Soundtrack: Bob Marley – “Africa Unite”
For several reasons, this year has been a time of pretty intense self-reflection for me. One of the main things that I have been reflecting on is my own spirituality. It really dawned on me at the beginning of Black August that I had some cognitive dissonance surrounding my spiritual beliefs; meaning that I had some beliefs which contradicted each other. With me being the philosopher that I am, that was unacceptable for me. On this last day of Black August, I have been inspired to share what I have come up with on the subject of spirituality, as it relates to not just me but to all Afrikans in North America.
Let’s start with the term New Afrikan. The United States style of slavery was the greatest crime against humanity that the world has ever known. For three hundred years, people were brought to this country from all over West and Central Africa, and completely robbed of a knowledge of their history, their language, their families, their gods, and their culture. People from dozens of distinct ethnicities were brought to this place and forged in the furnace of oppression into one new people; a naturally Pan-Afrikan people. That is why we use the term New Afrikan to describe ourselves. It also explains why our spirituality and our culture is naturally, and of necessity, a mixture of practices from across the Afrikan continent. That is the nature of who we are as a people.
But let’s go back to before the Afrikan Holocaust. In the West Africa of the 1500s there was already a mixture of expressions of spirituality. We had not only the various kinds of Afrikan Traditional Religion, but we also had people practicing Christianity and Islam and Judaism or the Hebrew religion. West Afrika was the cultural capital of the whole world at that time in history. The world’s largest university was in Timbuktu. The world’s richest man (and the richest person of all time) was Mansa Musa, ruler of the Mali Empire. People came from all over the world to study and do business with the people of West Afrika. Those visitors also influenced us in various ways, not the least of which was spreading their religions among us. (This is very oversimplified but I don’t have the space to fully explain the inter-cultural dynamics of 14th century West Afrika.)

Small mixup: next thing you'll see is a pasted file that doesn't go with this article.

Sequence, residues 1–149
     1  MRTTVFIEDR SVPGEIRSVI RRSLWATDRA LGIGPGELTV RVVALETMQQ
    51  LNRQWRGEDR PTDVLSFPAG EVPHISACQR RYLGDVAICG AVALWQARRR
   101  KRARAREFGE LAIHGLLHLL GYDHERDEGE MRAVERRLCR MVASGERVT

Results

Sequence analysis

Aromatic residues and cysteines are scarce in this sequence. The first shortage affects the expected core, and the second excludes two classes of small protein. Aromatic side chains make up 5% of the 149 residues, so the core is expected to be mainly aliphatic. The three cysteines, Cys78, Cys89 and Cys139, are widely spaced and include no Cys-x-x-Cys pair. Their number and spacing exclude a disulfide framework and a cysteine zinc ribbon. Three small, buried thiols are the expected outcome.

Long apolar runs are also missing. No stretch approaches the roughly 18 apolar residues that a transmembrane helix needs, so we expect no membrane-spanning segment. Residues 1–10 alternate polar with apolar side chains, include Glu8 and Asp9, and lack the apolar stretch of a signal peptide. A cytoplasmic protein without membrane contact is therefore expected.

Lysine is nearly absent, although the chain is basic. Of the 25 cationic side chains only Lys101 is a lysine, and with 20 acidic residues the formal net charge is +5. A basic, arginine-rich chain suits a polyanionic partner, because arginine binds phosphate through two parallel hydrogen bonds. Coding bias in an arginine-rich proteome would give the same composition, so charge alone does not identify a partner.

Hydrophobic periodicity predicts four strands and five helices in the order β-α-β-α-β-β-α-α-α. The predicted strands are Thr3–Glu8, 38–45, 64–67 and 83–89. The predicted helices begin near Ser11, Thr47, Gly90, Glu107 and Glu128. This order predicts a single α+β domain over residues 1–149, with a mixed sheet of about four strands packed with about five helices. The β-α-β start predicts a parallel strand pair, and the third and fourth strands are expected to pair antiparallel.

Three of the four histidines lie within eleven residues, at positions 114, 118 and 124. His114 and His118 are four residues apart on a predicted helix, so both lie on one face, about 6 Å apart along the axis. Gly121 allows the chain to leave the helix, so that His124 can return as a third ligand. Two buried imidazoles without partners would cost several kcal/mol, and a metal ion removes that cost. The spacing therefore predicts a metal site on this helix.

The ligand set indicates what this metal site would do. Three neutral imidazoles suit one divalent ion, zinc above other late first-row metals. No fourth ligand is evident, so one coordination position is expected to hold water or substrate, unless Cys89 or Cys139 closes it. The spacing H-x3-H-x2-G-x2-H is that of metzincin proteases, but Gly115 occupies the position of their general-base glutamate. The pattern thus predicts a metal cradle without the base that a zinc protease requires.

Even earlier than that, starting about 70,000 years ago, people started leaving our ancestral homeland in Afrika and venturing out to populate the rest of the world. Those Afrikan people went into Asia and Australia and the Pacific Islands and the Americas and eventually formed very new cultures in response to the various kinds of environments that they moved into. But all of them maintained some of the influence of our earliest Afrikan human Ancestors.
So our Ancestors who were brought to North America to be made slaves came from various Afrikan cultures. And they were forced to abandon almost all of their various cultural traits. Give thanks though that some aspects of what makes us Afrikan could never be stamped out, they just live in our souls. Over the course of our sojourn in this land, we’ve also been exposed to people from all over the world.